In order to maximize social welfare, governments should subsidize at different rates the private contributions made to different categories of charitable or publicly beneficial civic activity. This prescription stands in contrast to the standard practice of subsidizing such contributions uniformly and suggests the need to evaluate not only that practice but also the diverse initiatives of several governments to subsidize at higher rates certain contributions made to certain categories. The case for differential subsidies is made here with reference to a model in which the government chooses the subsidies and amounts of direct funding, as well as a personal transfer and linear taxes on earnings and consumption. The categories differ in terms of the individuals contributing, the individuals receiving the charitable goods and services, and the effectiveness of direct funding relative to contributions. A linear expenditure system illustrates the restrictive conditions necessary for uniform contribution subsidies being optimal.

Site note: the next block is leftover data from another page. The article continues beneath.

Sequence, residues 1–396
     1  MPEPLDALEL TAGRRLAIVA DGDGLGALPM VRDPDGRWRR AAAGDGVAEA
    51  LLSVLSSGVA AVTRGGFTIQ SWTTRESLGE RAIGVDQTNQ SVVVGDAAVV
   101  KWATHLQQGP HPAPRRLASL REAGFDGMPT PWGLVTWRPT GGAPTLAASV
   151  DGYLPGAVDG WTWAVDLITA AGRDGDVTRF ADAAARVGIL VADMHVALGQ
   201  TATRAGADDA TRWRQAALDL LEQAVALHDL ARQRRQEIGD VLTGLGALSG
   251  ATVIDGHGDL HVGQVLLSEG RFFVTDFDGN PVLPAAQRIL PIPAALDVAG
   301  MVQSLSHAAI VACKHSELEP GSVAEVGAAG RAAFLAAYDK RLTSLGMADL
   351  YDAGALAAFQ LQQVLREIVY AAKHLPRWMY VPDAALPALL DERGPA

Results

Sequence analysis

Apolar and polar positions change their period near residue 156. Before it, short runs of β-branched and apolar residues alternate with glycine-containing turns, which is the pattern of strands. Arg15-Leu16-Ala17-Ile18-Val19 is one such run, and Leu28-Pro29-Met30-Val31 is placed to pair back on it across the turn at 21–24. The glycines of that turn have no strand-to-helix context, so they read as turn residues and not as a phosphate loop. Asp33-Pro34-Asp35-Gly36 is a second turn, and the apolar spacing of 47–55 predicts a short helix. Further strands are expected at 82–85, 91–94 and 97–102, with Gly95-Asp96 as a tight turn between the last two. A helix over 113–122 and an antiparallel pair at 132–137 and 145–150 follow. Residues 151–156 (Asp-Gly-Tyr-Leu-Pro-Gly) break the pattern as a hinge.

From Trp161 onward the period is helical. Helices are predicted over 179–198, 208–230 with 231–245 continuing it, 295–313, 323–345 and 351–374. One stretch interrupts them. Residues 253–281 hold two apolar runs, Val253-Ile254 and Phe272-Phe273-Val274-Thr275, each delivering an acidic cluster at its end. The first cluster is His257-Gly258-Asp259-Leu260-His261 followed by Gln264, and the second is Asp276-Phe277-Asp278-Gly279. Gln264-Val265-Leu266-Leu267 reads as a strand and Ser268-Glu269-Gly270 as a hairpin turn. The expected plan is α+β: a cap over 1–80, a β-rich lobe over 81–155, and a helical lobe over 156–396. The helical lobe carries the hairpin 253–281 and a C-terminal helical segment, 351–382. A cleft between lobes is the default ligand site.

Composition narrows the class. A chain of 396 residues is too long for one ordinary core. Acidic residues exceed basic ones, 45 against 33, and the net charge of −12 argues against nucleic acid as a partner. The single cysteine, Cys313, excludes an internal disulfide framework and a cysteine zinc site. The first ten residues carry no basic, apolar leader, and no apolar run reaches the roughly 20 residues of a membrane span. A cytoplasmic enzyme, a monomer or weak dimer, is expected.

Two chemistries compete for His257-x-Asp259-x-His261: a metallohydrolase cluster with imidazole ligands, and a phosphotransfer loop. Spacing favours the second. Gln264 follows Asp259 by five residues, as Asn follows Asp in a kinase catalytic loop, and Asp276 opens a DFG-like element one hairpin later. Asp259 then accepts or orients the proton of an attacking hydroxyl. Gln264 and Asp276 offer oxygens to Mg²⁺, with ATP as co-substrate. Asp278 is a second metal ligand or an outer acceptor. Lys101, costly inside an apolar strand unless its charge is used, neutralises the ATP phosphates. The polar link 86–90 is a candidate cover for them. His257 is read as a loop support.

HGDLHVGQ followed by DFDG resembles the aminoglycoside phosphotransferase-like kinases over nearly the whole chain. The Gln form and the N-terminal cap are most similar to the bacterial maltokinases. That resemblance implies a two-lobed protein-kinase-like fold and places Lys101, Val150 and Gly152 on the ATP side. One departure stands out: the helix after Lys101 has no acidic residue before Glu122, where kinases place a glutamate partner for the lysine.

Additional Metadata
Keywords charitable contributions, differential subsidies, optimal taxation, philanthropy, tax expenditures
Persistent URL dx.doi.org/10.1177/1091142111430682
Journal Public Finance Review
Citation
Carmichael, C. M. (2012). Sweet and Not-So-Sweet Charity: A Case for Subsidizing Contributions to Different Charities Differently. Public Finance Review, 40(4), 497–518. doi:10.1177/1091142111430682